“Stylish Skirts” by Sato Wanatabe Review and Giveaway

Tuttle Publishing kindly asked me to review a handful of books a few months ago. It’s taken me a woefully long time to get this done, but I was/am determined to get it done ‘right’, and actually make up a pattern from each book, as opposed to merely reviewing the photography and layout. I had several other sewing projects to get squared away first, before I could commence.Stylish Skirts - Tuttle Publishing<br /><br /><br /><br /><br /><br />



I am reviewing “Stylish Skirts” by Sato Watanabe, which is different from my other Japanese pattern books in that you draft your own pattern.  You do this by referring to the diagrams, which have the measurements on them.

I had wanted to make up the “Escargot” skirt, but with my dislike of drafting patterns (it makes my head hurt) the angled pattern pieces seemed intimidating for a project I wanted to hurry up with. So I chose skirt “J”, because it’s squares and rectangles looked doable, and because I have never seen a maxi skirt like this anywhere. It’s unusual without being unwearable, as are all the patterns in “Stylish Skirts”. There’s only four out of twenty-three patterns that I wouldn’t wear, and those are the asymmetrical ones. I could easily picture someone else wearing them, though.022

Time: It took me maybe a day and a half total to sew this; an afternoon to draft the pattern; an afternoon and evening to cut it out and sew up the main parts, a morning for the waistband; a morning for the (entirely optional) under skirt, a simple A-line to combat the extreme sheerness of the overlay. And most of that sewing time was done in 10 and 15 minute increments!


Here’s a Tip: Draft your pattern onto paper.  Yes, yes, I know, you really want to wear it this weekend. You’ll just draw it onto your fabric with a washable pen.  Well, it’s your fabric and your time, so do what you like. But it’s been my experience that any time I try to draw squares and rectangles onto fabric, the grain shifts and I end up with rhombuses. Not to mention I’d have to repeat the whole excruciating process again the next time I wanted to make the skirt.  So, paper pattern.

Here’s Another Tip: Use metric. It’s much faster to measure 152 cm than it is to measure 59 7/8″. And truth be told (I will bold this so that it sticks out) sometimes the translation from metric to U.S. Customary didn’t go smoothly.  On panel “B” there was no inch measurement, and for the topstitching they rounded 0.5cm up to 1/4″, when 1/8″ would have looked better.

The measurements were accurate, though, and it went together smoothly, with one exception:  The finished folded width of the waist band was 3 1/2cm.  The directions said quite clearly to topstitch. They then said to put in two more rows of stitching, the first 1cm from the top, the second 1 1/2 cm from the first and 1cm from the topstitching. I did my math. 1 cm+1cm+1 1/2cm= 3 1/2 centimeters, an impossible figure because that is the finished width of the waistband, not counting the topstitching.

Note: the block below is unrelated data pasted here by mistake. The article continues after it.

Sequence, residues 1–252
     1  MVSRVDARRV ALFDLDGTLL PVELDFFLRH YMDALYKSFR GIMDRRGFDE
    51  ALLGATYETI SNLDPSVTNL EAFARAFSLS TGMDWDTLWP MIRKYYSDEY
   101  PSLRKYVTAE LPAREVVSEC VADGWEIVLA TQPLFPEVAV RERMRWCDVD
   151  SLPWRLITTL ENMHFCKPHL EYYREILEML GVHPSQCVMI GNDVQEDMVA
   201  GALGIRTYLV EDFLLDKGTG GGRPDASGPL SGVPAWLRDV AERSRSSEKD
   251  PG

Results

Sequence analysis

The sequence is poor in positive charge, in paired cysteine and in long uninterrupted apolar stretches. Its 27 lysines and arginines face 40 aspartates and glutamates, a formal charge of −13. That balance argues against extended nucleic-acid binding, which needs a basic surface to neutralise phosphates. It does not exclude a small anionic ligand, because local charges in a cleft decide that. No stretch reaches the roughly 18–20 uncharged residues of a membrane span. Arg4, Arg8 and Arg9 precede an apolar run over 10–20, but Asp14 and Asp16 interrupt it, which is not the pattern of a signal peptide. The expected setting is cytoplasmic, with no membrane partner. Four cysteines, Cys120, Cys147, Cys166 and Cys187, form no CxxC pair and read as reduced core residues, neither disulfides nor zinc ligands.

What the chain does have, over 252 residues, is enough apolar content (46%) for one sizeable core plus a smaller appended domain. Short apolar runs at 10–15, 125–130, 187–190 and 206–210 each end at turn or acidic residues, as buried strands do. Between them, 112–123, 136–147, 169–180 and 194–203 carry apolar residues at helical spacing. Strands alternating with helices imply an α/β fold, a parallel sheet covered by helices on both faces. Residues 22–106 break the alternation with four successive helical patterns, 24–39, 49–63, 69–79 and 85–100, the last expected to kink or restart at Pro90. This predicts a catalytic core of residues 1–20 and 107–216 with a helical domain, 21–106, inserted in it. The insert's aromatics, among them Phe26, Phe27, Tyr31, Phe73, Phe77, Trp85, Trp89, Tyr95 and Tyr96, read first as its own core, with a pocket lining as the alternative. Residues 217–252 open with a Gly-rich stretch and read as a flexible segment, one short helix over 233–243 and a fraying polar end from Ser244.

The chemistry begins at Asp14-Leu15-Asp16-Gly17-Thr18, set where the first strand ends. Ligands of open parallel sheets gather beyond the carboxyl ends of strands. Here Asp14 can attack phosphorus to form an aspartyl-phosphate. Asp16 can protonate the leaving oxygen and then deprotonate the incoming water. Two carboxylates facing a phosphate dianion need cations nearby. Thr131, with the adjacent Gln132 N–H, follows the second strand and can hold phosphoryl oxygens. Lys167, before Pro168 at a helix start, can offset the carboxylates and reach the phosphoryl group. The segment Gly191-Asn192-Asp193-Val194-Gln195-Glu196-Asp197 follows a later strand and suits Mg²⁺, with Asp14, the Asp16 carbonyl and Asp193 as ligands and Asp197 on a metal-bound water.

Enlarge to see my penciled in explanation.
Enlarge to see my penciled in explanation.

Negatives:  (1) There were no finished measurments given, so I wasn’t at all sure what size skirt I was making. It sounded as if there were, but there weren’t. I added up the measurements given on the diagrams (fairly easy to do, since seam allowances are separate) for the length, and measured the waistband to see if I could get it up over my hips.

(2) The diagrams were a bit tricky to figure out, esp. on the small pieces, and this wasn’t even the most complex skirt in the book. However, you might fare better than I did.  Just go slow and use your common sense. And draft it onto paper first.

Memos to self.

Pluses:  (1) As I said, the all the skirts were wearable by someone, and they were all a bit unusual, which is what I look for in sewing patterns.

(2) The book has cute little diagrams throughout the directions, instructing about straightening the fabric grain and reinforcing zipper seams.  There is a page with good photographs about linings, and in the back it also has a glossary of terms and symbols used.

(3) The variety of skirts is impressive. There are so many techniques used in this book– shirring, pleats, paneling, elastic, drawstrings, linings, zippers, hooks and eyes, welt pockets (ingeniously sewn on as a patch pocket!) ruffles, gathering, gores, irregular hems, darts, button holes, and embroidery: and there are so many styles– gathered, A-line, sailor, pleated, bubble, asymmetrical, gored, wrap, color blocked– that there is bound to be something for everyone.

In Summary: Would I make this skirt again? You bet I will! This time with a fabric I can wear with anything, because this was just what we had on hand.  Would I change anything? Just the measurements on the waistband– I’d add an 1/8″ so that the topstitching would come out even.



Tuttle Publishing was kind enough to send me two extra copies of “Stylish Skirts” by Sato Watanabe! Two lucky readers will each receive one copy.

A FB share, a link on your blog, and a comment are all worth one entry. So if you share, link, and comment, you will get three entries. You will have to comment to let me know if you linked or shared.

The winners will be chosen via drawing. I’m terribly sorry, but due to prohibitive shipping costs I can only ship to the lower 48 states. :-(

The drawing will end on the 25th of July, ’14.

(Disclaimer: All opinions are my own. I was not paid or compensated other than the books sent to me.)




8 thoughts on ““Stylish Skirts” by Sato Wanatabe Review and Giveaway

  1. Very informative review! It looks like a book I would enjoy, as well as one that would challenge me, as I am not used to drawing out my own patterns….but I would like to get better at it! Shared the link on FB!


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